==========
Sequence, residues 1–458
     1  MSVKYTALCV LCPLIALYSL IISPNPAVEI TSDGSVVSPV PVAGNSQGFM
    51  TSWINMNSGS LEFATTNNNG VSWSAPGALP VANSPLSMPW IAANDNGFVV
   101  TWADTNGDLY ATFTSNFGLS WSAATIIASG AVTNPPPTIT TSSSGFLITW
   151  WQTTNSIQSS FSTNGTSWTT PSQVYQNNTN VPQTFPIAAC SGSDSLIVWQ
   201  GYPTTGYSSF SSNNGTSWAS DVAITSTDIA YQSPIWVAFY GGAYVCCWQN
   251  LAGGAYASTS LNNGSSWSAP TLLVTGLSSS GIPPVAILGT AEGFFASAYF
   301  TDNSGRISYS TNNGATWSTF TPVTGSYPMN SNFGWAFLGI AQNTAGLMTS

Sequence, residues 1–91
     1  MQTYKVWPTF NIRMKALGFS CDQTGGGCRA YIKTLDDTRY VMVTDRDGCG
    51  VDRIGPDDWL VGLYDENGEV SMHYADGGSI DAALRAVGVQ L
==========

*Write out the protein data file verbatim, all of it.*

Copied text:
Sequence, residues 1–458
     1  MSVKYTALCV LCPLIALYSL IISPNPAVEI TSDGSVVSPV PVAGNSQGFM
    51  TSWINMNSGS LEFATTNNNG VSWSAPGALP VANSPLSMPW IAANDNGFVV
   101  TWADTNGDLY ATFTSNFGLS WSAATIIASG AVTNPPPTIT TSSSGFLITW
   151  WQTTNSIQSS FSTNGTSWTT PSQVYQNNTN VPQTFPIAAC SGSDSLIVWQ
   201  GYPTTGYSSF SSNNGTSWAS DVAITSTDIA YQSPIWVAFY GGAYVCCWQN
   251  LAGGAYASTS LNNGSSWSAP TLLVTGLSSS GIPPVAILGT AEGFFASAYF
   301  TDNSGRISYS TNNGATWSTF TPVTGSYPMN SNFGWAFLGI AQNTAGLMTS

Sequence, residues 1–91
     1  MQTYKVWPTF NIRMKALGFS CDQTGGGCRA YIKTLDDTRY VMVTDRDGCG
    51  VDRIGPDDWL VGLYDENGEV SMHYADGGSI DAALRAVGVQ L